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  11. Guess what we're going to make for the new year?!??! Gorgeous!!

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  12. that is such a cool way to cook a roast, and it looks absolutely gorgeous! i hope you had a great christmas!

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  13. Your roast looks delicious and mouthwatering. I've never done a prime rib. I'm so afraid I'd ruin $80 worth of meat. One of these days. Happy New Year Chris.

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  14. That is one awesome looking piece of meat - definitely making my mouth water! I never saw this method before - tucking it away for future use.

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  15. Oh good Lord! Perfectly cooked and mouth watering prime rib. It looks so PERFECT! I really wish you were my neighbor!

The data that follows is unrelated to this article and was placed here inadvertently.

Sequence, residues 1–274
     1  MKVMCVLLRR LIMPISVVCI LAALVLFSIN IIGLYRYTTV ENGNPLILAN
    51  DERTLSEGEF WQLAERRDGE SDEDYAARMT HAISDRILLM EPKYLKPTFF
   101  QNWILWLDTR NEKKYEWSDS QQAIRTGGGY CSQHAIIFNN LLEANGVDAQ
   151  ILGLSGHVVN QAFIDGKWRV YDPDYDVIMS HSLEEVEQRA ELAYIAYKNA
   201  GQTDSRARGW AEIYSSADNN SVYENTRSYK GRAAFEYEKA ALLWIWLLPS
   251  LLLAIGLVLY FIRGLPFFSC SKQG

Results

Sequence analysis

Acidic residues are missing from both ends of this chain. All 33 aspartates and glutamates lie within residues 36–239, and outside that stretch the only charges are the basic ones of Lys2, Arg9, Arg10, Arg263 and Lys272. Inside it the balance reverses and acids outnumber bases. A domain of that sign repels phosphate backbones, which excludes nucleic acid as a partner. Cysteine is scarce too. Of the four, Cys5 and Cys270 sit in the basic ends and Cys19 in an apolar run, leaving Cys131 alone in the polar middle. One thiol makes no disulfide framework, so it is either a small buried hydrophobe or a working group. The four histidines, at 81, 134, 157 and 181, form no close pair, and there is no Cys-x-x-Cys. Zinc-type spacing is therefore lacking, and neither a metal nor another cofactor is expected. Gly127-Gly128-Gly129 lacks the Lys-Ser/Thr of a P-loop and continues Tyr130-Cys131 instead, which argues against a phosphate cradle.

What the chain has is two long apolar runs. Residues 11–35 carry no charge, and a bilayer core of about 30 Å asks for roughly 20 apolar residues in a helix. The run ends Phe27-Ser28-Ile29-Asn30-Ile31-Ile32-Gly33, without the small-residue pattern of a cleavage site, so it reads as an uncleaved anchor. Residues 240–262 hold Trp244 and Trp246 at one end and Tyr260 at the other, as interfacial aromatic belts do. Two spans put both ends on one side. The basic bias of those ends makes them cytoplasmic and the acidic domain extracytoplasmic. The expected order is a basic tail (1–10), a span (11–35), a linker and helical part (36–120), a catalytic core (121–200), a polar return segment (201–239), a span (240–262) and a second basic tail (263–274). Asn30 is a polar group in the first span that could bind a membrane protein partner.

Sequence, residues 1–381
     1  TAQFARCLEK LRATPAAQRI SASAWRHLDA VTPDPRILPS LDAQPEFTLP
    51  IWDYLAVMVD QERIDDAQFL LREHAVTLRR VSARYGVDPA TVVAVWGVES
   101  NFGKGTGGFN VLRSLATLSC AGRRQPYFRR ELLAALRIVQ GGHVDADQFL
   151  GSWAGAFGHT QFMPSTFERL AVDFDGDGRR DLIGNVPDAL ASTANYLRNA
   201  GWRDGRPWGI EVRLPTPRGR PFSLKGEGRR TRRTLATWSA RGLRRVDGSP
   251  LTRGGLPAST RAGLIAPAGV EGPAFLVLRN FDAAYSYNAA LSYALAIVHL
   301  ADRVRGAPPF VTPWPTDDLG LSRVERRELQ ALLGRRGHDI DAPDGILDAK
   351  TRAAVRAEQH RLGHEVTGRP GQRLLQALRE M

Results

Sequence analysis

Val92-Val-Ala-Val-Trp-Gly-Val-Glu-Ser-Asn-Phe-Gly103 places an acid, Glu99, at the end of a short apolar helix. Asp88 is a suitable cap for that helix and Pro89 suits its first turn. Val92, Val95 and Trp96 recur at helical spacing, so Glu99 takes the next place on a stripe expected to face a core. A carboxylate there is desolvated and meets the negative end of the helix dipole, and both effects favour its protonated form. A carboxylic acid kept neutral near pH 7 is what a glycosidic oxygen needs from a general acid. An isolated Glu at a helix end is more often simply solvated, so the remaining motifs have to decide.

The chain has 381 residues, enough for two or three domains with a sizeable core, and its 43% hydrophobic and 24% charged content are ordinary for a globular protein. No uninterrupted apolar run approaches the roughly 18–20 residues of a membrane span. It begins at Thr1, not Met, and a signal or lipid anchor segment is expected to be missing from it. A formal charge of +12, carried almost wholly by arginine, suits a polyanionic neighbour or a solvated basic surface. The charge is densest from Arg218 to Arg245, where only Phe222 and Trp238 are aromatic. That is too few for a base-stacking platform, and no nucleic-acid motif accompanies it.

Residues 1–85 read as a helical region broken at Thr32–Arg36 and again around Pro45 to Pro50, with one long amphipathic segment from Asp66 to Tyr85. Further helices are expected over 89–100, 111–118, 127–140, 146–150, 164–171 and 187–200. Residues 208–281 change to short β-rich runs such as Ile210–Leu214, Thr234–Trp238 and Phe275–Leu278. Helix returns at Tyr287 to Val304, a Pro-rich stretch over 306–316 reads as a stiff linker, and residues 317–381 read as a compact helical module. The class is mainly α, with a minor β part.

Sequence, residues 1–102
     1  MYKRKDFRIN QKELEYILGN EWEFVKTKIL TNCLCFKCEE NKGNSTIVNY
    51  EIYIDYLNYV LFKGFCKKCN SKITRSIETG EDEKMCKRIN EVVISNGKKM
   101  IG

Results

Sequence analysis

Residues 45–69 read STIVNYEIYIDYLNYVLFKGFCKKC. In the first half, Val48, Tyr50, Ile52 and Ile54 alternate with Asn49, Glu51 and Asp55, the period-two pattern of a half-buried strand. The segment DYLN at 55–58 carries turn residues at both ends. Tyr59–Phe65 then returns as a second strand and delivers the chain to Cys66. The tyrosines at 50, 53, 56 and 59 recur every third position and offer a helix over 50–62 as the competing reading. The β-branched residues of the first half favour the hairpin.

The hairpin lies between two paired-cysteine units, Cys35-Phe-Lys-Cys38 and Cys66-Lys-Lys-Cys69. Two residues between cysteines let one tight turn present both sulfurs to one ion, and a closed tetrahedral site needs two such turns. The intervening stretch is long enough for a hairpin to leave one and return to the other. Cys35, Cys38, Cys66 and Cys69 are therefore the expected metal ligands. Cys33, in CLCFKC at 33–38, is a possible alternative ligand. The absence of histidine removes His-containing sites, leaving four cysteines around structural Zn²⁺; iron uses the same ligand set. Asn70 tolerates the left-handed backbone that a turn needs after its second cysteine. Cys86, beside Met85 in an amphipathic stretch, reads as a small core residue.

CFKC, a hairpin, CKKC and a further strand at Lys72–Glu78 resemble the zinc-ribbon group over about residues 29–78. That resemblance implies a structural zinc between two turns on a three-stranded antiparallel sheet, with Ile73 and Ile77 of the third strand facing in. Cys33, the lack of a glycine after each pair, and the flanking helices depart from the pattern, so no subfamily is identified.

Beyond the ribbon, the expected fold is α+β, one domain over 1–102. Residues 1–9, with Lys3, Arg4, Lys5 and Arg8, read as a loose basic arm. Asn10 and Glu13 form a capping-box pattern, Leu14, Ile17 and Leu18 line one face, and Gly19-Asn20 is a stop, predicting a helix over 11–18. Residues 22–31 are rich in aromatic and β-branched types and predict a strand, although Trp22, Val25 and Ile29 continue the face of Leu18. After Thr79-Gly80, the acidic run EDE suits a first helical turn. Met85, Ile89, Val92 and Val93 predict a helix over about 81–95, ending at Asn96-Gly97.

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  16. Just cooked my prime rib like you Chris, even better!! Thank you for the tips. Gotta love the GREEN EGG!!

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  17. cooking a rib roast on my egg tonight thinking about using this method green egg owners usually have great taste buds

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  18. cooking a rib roast on my egg tonight thinking about using this method green egg owners usually have great taste buds

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  19. Tried this method last weekend. I used a choice (not prime) rib roast. It was still PERFECT! This is going on the Christmas menu, with a prime roast!

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  20. Would like to try tise reverse sear method but have a question: how do you remove a hot plate setter and where do you put it? Thanks,